UK Food Businesses Look to Technology as Brexit Reality Sets In
Now that a trade agreement has been reached between the United Kingdom and the European Union, UK food businesses can breathe a sigh of relief that a dreaded “no-deal” Brexit situation has been avoided. It’s clear, though, that there is still a great amount of uncertainty going forward.
Thankfully, the agreement guarantees that tariffs and quotas between the UK and EU will remain at zero. The issues surrounding the border, transportation and labor shortages, however, still weigh heavily on food businesses that rely on international supply chains—and that’s especially true in those industries that operate on a “just-in-time” basis.
The two largest implications of the United Kingdom’s new border and customs policies are the need for complicated paperwork and the additional time that new checks and interventions take. With new, unfamiliar forms comes greater room for error, and with shipments stopped while checks are conducted comes more product spoiling.
Combined, those factors have already had a negative impact on food businesses trying to move products into and out of the UK, which has prompted higher prioritisation for trucks delivering to supermarkets. Still, at this point it’s affecting consumers, with some grocery store shelves bare in Northern Ireland.
What can help alleviate these concerns? Having a robust, industry-specific enterprise resource planning (ERP) solution has never been more critical. With administration suddenly far more complex an issue, the automated processes an ERP delivers are vital in guaranteeing that individual workers aren’t burdened with finding and completing the right forms.
Eliminating mistakes in documentation, in turn, goes a long way in speeding the customs process along, ensuring shipments are on time and produce doesn’t go bad and end up as waste.
Access to reliable and cost-effective shipping via truck lines and ocean vessels has also come into question for food businesses as a result of the Brexit process. Already, some haulage companies in other EU member states are turning down contracts to deliver to the UK.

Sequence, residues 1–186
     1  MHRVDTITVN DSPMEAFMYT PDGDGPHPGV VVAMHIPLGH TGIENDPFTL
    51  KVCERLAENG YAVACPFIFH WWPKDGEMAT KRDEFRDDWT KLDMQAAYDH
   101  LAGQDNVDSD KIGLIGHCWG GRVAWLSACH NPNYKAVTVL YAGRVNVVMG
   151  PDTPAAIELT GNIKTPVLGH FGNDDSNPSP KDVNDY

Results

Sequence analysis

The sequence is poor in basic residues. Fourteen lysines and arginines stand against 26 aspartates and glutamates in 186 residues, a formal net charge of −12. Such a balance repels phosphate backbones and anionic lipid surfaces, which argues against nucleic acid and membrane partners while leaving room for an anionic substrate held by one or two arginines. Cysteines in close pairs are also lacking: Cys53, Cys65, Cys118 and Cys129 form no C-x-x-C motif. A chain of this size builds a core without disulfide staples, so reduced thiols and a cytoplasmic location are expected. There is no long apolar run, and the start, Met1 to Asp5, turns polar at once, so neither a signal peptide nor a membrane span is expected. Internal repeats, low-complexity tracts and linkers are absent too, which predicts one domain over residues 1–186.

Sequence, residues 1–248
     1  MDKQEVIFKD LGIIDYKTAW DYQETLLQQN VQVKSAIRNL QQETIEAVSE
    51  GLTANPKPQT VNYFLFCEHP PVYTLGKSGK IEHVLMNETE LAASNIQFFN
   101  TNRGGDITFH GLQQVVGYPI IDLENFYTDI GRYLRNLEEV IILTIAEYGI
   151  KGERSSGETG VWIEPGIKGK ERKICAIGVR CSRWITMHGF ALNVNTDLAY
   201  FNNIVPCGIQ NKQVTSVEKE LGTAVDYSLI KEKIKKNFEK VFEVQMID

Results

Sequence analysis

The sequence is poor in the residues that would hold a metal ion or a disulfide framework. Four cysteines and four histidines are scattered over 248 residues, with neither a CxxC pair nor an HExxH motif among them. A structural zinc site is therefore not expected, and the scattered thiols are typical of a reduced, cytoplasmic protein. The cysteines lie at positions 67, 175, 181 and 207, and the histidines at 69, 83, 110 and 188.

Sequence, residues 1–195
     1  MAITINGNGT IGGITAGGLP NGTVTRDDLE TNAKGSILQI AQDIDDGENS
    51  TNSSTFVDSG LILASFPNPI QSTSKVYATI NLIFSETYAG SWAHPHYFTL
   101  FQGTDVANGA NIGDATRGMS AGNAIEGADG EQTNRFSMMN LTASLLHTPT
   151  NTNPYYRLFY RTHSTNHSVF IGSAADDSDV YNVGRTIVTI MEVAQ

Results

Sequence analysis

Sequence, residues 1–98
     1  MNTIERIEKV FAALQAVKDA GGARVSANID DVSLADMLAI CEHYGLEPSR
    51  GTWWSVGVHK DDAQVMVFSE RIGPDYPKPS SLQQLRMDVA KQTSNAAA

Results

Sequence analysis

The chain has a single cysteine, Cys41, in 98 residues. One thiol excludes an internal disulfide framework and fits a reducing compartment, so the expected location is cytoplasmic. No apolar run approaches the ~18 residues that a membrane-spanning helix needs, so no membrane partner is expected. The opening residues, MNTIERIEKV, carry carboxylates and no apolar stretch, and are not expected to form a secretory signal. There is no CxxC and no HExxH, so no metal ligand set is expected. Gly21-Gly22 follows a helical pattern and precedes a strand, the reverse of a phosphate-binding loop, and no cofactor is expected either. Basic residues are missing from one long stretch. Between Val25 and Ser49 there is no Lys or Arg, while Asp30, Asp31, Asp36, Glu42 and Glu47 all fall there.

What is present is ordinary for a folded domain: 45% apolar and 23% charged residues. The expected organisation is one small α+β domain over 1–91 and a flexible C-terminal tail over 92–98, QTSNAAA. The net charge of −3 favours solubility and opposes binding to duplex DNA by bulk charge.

The reason comes down to profitability—when haulers can’t be guaranteed that they’ll be able to bring full loads into and out of the country, they’re more hesitant to do business in the UK.
This is another key reason food businesses are moving to purpose-built ERP software. It can’t physically move goods, but it can determine the best routes for transportation and offer total control and visibility over a food business’s order fulfilment. With a single platform integrating all of the company’s systems, shipments can be optimised for capacity and efficiency.
A lack of skilled food industry labour was one of the first complications of Brexit to set in, as many foreign workers who have not been in the country long enough to gain “settled” status now recognise that without access to visa-free work permits, job security in the UK will be far less certain. Over time, the issue has only grown worse and has been compounded by the COVID-19 pandemic.
With smaller staff and a limited number of British workers available, food businesses are turning to technology to make up the difference. Again, it’s ERP solutions to the rescue. The right system allows companies to intelligently implement and monitor automated processes—reducing the reliance on human labour.
Industry-specific ERP platforms also have robust data analysis and visualisation tools, giving food businesses valuable insight into which of their processes are lagging and in need of streamlining.